From humble beginnings as a Sydney cotton mill over 100 years ago, Bonds has grown to become the number one underwear brand in Australia. It’s fair to say Aussies love their bonds, but do we love the company’s ethical practices? We take a look at what goes on behind the scenes to see if Bonds truly live up to its good reputation.
Bonds seems to have an on-again-off-again, love-hate relationship with the planet. Its rating here has gone up and down over the years as it sets but doesn’t follow up on goals, a classic case of greenwashing in the fast fashion industry. Its latest score here is “Not Good Enough”.
It uses some eco-friendly materials including organic cotton and recycled PET plastic, and it has set an absolute target to reduce greenhouse gas emissions generated from its own operations. It also reuses some of its offcuts to minimise textile waste. However, it has not set a supply chain target for emissions reduction, and has made no commitment to eliminate hazardous chemicals from its supply chain.
The rollercoaster continues with labour conditions. Bonds was scoring well on the labour front with a “Good” rating a couple years ago, but it has taken a dive and landed on “Not Good Enough” in the latest review. Despite some signs of decent progress over the years, it only scored 31-40% in the Fashion Transparency Index. The brand was also lauded last year for taking another step towards payment of a living wage in its supply chain, but until it actually implements fair wages its score will likely remain low.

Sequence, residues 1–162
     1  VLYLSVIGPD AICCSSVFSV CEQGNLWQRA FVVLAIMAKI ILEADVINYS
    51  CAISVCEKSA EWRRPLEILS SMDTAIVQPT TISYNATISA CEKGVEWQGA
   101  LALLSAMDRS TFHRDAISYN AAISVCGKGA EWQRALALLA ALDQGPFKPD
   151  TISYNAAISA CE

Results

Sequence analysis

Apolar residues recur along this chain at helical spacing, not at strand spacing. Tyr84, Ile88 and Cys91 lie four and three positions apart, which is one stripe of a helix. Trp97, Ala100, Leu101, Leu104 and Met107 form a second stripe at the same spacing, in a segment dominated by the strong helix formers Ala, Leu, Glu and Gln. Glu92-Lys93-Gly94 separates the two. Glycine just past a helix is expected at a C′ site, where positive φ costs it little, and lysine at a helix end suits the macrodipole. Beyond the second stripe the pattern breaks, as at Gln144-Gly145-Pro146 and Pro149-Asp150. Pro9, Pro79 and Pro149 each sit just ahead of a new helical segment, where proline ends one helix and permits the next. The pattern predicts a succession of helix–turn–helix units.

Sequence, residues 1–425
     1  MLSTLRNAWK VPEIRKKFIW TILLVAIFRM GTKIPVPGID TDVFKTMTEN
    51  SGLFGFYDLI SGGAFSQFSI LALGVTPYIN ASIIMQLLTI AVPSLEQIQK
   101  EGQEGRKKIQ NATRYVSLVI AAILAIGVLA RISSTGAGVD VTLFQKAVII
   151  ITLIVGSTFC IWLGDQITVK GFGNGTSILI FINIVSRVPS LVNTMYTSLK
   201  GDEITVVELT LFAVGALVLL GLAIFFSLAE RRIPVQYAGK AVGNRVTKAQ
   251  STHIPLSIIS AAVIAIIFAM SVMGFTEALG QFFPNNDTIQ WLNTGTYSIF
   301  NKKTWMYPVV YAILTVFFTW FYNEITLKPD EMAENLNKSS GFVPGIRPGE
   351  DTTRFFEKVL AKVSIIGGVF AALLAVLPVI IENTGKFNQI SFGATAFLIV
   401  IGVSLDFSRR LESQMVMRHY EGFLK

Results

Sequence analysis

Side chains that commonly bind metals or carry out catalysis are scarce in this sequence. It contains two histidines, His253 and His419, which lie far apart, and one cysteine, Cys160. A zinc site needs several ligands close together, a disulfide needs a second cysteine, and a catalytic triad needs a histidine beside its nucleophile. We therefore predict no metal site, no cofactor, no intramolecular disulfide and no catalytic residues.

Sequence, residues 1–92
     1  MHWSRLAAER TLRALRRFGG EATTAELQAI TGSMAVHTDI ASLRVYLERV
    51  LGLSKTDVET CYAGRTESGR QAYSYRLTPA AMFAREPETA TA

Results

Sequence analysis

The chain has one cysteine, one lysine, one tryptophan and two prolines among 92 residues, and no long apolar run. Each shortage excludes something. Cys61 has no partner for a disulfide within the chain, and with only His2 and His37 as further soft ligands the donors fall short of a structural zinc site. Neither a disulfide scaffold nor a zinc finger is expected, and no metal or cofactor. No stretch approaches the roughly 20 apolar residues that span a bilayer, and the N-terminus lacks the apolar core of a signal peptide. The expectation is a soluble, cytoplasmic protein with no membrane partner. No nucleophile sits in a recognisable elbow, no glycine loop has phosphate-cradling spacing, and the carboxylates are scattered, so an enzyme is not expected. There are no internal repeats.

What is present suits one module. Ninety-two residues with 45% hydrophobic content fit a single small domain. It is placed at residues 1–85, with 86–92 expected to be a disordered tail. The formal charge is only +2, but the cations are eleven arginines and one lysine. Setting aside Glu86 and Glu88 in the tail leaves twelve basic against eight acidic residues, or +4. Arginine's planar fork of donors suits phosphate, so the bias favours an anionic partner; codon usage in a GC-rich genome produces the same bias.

Bonds makes products that are generally free of animal materials except for silk so it is not applicable to rate its impact on animals. We calculate the overall rating from environment and labour scores only.
Overall rating: Not good enough
Overall, we rate Bonds “Not Good Enough” based on information from our own research. While it is taking some steps towards more earth- and people-friendly conduct, it needs to follow through on its commitments and make real change if it is going to achieve a higher score. Note that Good On You ratings consider 100s of issues, and it is not possible to list every relevant issue in a summary of the brand’s performance. For more information, see our How We Rate page and our FAQs.
Don’t let this bring you down, though. There are plenty of ethical alternatives for underwear, sleepwear, and babywear rated “Good” or “Great” that deserve your support. Here are just some of our faves.
Ethical alternatives to Bonds